Every job has its highs and its lows and very occasionally something so extraordinary happens it is left indelibly stamped on your mind.
One such event was the MSC Napoli – a 62,000 tonne container vessel ‘shipwrecked’ off the UK’s famous Jurassic Coast in 2007 after it got into difficulties in the English Channel.
The crippled vessel, which had been badly damaged in a violent storm, was purposefully grounded off Branscombe in East Devon to avoid a pollution catastrophe at sea.
I led the Environment Agency's response and chaired an Environment Group, which was convened to join up all partners dealing with the major incident so we could work together to manage and reduce the impact of this maritime disaster. Little did I know on the 20 January 2007 that the international multi-agency recovery and salvage operation that followed would take up most of my working life for the next two and a half years!
The drama began on 18 January 2007 when the Napoli, a 62,000 tonne container ship enroute from Antwerp to Durban, South Africa, ran into a violent storm off Brittany. The ship put out a distress call after suffering ‘catastrophic damage’ to its hull. All 26 crew were airlifted to safety in a rescue operation co-ordinated by UK coastguards.
Force 11 northerly winds made it impossible for the vessel to shelter along the French coast, so the French government asked the UK government if the crippled ship could be towed across the Channel into UK waters. The Napoli was still afloat, but listing badly.
The ship’s assorted cargo included explosives, fertiliser, weedkiller, car engines, chocolate, bibles, vodka, shampoo, wine, coffee, perfume, dog biscuits and frozen ducks.
The initial plan was to tow the ship to Dorset’s Portland harbour, but because of the risk of it sinking, it was decided to bring the vessel into the sheltered waters of Lyme Bay where it could be beached near Sidmouth.
On the morning of 20 January 2007 the Napoli came ashore off Branscombe. Within hours, the latest ‘visitor’ to Dorset’s Jurassic Coast was front page news and thousands of sightseers descended on the picturesque village of Branscombe to get a close-up look at the vessel.
As the sheer scale of the operation became apparent, the government launched its National Contingency Plan for Marine Pollution. The Maritime & Coastguard Agency established a Salvage Control Unit (SCU) to deal with the salvage operation and a Marine Response Centre (MRC) to manage the pollution response at sea.
Meanwhile, an Environment Group was hastily convened to minimise the environmental impact of incident and help co-ordinate a land-based response. Organisations represented on the group included the Environment Agency, Maritime and Coastguard Agency, Natural England and Public Health England, Natural England, Health Protection Agency, Centre for Environment, Fisheries and Aquaculture Science (CEFAS) and the RSPB.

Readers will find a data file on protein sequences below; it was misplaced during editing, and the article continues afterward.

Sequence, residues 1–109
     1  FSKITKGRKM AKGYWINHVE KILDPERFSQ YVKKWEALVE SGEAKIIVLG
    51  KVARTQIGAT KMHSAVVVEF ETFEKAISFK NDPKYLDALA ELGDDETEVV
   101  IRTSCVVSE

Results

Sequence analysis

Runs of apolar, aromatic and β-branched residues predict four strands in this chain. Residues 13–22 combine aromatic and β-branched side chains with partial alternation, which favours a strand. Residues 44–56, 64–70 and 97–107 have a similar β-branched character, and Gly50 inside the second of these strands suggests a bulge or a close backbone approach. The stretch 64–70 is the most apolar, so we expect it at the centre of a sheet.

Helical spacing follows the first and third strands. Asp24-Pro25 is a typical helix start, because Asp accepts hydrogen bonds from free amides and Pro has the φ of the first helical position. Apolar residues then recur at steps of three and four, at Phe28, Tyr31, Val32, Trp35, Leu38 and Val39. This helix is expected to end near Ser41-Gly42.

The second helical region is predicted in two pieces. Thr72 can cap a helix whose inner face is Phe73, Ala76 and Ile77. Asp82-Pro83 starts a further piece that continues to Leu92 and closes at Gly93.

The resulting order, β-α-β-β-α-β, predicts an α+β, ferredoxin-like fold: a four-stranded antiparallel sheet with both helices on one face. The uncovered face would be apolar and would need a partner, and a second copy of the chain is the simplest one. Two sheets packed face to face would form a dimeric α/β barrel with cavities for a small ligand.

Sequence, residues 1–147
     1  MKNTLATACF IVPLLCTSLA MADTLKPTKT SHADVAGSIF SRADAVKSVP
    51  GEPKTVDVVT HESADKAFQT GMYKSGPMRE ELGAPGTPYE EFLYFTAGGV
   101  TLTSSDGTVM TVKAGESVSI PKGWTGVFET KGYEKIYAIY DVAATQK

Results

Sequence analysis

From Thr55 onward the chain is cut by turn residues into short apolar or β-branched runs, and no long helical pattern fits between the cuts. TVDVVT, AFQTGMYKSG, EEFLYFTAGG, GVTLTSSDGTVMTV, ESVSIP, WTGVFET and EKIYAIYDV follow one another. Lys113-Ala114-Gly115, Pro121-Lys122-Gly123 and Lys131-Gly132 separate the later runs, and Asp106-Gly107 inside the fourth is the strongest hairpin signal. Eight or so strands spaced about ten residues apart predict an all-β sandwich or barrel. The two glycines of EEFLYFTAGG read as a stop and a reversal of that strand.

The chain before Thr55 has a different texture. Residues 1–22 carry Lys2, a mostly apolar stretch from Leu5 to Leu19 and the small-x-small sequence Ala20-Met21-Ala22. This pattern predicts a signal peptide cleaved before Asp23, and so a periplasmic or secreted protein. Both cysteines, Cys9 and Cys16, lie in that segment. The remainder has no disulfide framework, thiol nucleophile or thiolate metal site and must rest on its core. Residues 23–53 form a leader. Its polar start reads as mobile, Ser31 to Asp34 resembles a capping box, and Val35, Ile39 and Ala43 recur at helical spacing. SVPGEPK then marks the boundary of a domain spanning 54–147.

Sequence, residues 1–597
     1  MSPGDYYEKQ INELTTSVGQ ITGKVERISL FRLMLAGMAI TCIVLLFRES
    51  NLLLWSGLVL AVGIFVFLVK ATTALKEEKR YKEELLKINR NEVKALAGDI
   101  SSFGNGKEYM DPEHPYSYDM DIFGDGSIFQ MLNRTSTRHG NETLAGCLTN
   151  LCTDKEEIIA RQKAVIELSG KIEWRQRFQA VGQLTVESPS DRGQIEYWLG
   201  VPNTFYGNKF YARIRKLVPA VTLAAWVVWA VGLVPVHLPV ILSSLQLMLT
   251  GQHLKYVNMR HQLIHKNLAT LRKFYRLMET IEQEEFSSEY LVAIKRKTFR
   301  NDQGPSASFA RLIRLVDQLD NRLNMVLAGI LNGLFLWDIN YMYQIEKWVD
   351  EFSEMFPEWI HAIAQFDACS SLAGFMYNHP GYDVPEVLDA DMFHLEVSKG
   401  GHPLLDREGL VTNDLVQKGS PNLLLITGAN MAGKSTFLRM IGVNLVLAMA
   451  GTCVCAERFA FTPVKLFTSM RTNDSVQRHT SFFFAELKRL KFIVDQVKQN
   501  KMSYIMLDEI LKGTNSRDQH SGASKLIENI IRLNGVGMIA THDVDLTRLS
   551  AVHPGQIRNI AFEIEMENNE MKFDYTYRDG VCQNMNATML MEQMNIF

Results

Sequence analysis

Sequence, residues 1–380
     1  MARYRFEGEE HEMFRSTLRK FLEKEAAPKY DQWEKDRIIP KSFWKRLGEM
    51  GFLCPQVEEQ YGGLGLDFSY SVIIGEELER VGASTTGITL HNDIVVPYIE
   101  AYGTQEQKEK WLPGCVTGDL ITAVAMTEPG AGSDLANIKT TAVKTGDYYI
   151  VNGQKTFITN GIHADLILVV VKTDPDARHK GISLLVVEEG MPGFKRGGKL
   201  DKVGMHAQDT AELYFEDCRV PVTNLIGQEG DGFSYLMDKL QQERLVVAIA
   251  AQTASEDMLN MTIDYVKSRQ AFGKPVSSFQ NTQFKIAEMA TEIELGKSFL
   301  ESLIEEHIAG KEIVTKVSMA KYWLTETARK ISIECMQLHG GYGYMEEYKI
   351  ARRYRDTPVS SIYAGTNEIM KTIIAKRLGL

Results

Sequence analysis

The grounding of the Napoli was such an unusual event we had to be very innovative. We were fortunate in that the Environment Group was well supported by its partners. It meant during the first two weeks we met continually to help manage the incident as it unfolded.
Not all sightseers were happy to simply look at the beached vessel. Hordes of people arrived from all over the UK intent on scavenging cargo from containers washed ashore. Boxes of shampoo, wine barrels and even BMW motorcycles, still in their packing crates, were manhandled off Branscombe beach by an army of modern day ‘wreckers'.
Salvage experts worked round the clock to remove oil from the vessel. Divers drilled into the hull and emptied oil from all of the ship's fuel tanks within eight weeks of beaching. The salvage operation was helped by fine weather.
The Environment Agency and CEFAS carried out monitoring throughout the salvage operation to check for signs of pollution and assess the environmental impact in the sea and surrounding coastline. Cargo from broken containers, especially lighter plastics, were carried on tides as far as East Sussex.
By the summer of 2007 the decision to re-float the Napoli was taken. Although this was done successfully, the vessel was too badly damaged to be towed so it was dismantled instead using explosives to separate the bow section from the stern.
A scan of the seabed showed that by July 2009 every last trace of the Napoli had been removed. The whole operation had taken two and a half years and had cost in excess of £120 million.
The multi-agency Environment Group was later praised by the Napoli’s owners and other responders for its effectiveness and reactive approach. The grounding of the MSC Napoli was arguably also a turning point that prompted a positive change in the way such incidents are dealt with by the authorities.